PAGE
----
Reporter: Who’d have thought?
Kit: He just called out the whole medical board.
Billie: He just called out the freaking governor.
Kit: That’s my man.

Bell on television again speaking the truth was such a gratifying moment, and Kit couldn’t be prouder of her man, Billy. The way The Resident keeps serving up all these delicious Kitbell crumbs — the writers are doing the lord’s work.

But it’s worrisome, too. We know you don’t get away with calling out governors and systems publically without blowback or other issues. The stress of not knowing how it can come back on Bell, his loved ones, or Chastain is enough to carry over for the remainder of the season.

Randolph Bell has had one of the greatest character arcs currently on the air, and Bruce Greenwood does so much with his character, and he’s intoxicating to watch.

While Bell was making some bold moves, Devon and Conrad were making some groundbreaking career moves themselves.

We’re all familiar with rabies, but you don’t think about the serious nature of it because of all the measures in place to prevent and treat it.

Bryce went from a fun trip getting in touch with nature and “earthing” to fighting for his life and nearly seeing his maker because some sleeping in the nude exposed him to a bite that gave him rabies.

His girlfriend bailing on him was downright appalling, but she also wasn’t contributing anything of use to the situation. She was probably the one who initiated the earthing in the first place.

We got a break from Zach, and instead, we spent some time with Janice. She’s often the most grating intern out of the bunch, but part of the issue is that we never got to know her. We finally got movement in that area, though, or at least we got to see her in action.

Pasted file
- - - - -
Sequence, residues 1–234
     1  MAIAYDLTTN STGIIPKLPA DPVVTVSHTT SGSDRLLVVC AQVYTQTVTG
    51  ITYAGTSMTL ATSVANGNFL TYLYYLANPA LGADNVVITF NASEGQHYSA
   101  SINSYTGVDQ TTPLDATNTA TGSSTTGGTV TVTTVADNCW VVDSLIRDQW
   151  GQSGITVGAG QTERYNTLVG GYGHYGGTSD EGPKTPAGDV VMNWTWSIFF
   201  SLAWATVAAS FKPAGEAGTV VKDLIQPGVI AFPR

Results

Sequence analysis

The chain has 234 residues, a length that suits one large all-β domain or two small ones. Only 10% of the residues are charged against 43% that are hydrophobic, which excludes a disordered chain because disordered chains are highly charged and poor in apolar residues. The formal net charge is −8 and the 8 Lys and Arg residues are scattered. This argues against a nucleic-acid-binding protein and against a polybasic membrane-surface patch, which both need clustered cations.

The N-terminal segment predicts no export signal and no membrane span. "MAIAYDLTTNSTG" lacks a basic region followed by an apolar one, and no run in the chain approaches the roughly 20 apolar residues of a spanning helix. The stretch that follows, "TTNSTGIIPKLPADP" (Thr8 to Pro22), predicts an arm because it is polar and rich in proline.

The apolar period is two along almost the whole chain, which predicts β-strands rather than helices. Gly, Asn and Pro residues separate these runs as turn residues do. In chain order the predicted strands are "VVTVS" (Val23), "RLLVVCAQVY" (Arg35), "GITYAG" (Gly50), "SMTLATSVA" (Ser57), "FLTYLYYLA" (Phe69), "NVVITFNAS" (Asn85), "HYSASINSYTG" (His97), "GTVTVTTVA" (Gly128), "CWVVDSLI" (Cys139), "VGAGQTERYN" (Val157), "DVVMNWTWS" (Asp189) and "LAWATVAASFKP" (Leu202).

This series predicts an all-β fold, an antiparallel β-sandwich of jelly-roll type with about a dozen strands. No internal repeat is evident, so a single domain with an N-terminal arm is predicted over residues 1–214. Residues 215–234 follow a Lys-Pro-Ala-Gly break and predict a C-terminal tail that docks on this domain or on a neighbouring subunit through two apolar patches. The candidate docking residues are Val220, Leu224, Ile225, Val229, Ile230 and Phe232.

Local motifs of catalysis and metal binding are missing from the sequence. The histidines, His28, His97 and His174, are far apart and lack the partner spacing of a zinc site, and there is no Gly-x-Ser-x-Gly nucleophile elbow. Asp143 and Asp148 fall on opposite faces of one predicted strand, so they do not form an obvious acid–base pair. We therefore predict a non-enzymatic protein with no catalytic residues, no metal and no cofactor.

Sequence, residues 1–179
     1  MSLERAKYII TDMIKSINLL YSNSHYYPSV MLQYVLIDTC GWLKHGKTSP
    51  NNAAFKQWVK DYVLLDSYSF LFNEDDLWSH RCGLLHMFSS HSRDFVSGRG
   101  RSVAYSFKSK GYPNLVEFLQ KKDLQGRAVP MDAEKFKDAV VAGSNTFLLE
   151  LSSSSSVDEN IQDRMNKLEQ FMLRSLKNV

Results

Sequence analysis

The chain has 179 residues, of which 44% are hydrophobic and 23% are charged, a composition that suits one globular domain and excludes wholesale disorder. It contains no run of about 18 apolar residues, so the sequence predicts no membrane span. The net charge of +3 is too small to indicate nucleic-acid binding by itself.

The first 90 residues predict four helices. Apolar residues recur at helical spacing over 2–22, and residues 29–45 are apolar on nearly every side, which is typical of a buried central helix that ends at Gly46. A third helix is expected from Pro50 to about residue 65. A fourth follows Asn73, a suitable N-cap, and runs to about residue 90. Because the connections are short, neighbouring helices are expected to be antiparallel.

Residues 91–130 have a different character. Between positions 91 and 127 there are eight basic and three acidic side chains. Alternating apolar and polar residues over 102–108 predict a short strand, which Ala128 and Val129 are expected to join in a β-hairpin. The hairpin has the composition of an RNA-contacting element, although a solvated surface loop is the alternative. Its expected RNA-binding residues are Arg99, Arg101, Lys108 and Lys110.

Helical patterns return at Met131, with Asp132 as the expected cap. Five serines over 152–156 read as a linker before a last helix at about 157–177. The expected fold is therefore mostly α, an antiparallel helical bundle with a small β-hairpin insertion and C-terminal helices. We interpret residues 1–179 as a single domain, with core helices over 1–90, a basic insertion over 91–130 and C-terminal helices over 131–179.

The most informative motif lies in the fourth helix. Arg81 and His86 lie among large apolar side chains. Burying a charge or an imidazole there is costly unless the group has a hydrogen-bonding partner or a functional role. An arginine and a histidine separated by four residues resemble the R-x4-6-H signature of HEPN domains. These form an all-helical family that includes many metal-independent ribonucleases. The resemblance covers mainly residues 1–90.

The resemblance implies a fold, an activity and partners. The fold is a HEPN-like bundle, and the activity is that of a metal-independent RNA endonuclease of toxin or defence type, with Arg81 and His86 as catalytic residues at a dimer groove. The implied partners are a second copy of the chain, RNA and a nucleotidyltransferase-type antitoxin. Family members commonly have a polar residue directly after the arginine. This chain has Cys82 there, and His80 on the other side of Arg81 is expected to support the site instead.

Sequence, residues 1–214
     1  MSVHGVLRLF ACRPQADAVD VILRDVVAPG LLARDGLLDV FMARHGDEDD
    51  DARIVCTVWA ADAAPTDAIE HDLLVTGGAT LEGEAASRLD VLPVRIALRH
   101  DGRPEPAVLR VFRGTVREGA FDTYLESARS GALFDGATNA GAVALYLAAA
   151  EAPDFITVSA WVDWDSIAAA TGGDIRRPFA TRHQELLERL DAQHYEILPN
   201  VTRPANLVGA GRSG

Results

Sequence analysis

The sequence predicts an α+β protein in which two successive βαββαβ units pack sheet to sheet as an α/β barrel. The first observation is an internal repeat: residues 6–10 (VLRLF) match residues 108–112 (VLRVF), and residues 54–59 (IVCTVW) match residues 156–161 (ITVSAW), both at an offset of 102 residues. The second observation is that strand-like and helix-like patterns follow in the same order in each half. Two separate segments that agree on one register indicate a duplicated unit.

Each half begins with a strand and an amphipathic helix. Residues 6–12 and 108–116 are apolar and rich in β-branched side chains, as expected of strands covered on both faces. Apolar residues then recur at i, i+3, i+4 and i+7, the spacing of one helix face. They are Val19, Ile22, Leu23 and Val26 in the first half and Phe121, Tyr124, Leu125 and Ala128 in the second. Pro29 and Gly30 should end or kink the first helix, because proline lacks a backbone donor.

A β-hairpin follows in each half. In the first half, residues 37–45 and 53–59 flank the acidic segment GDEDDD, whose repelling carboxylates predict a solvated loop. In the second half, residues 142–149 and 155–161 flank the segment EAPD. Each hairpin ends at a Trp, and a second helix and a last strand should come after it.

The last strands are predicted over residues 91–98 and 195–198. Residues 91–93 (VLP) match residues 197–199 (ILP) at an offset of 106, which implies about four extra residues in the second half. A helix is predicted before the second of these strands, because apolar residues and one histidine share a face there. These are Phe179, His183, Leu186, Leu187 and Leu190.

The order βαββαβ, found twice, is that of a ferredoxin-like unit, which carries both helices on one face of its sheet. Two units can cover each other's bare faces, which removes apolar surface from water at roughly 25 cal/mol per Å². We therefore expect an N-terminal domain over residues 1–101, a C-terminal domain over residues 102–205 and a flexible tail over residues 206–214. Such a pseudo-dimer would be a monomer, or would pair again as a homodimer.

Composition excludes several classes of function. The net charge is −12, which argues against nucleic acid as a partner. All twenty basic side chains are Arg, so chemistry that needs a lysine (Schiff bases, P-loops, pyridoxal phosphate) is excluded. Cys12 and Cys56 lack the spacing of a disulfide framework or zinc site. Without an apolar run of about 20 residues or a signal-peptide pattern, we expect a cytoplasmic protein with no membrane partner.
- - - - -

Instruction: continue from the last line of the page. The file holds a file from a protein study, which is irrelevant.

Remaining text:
She was slow to things when gathering all the pertinent information from Bryce. She had to cope with the possibility that she cost him precious time and endangered his life further when it took her so long to tell them about his woodland activities.

Bryce’s rapid decline was scary, and it didn’t seem as if he’d ever come back from it. But thanks to Devon, Conrad, and Billie, they managed to pull it off, and Bryce survived.

It was quite the turnaround for someone who never should’ve made it.

In that sense, Devon had a far easier time-saving Bryce, someone who had a single percentage shot at surviving, than managing the Devi twins.

Devon proposing that he could be the baby’s father was bound to come up in some capacity or another. They’ve had a bizarre triangle thing for a minute, and it’s evident that there are some unresolved feelings and conversations about parenthood between Leela and Devon.

No way Devon didn’t understand why his suggestion was so disturbing to Leela. If anything, he was trying to get the child that he desperately wants but hasn’t gotten to talk at length with Leela, and he thought it would trigger a conversation they refuse to have.

Throughout this process, Leela has tried to micromanage so much of it. She doesn’t want children herself, or at least not now, but she wants to control how Padma progresses.

We get an enlightening glimpse into their dynamic as sisters with this arc. For as impulsive, indecisive, and free-spirited as Padma is, Leela is somewhat manipulative, whether it’s intentional or not.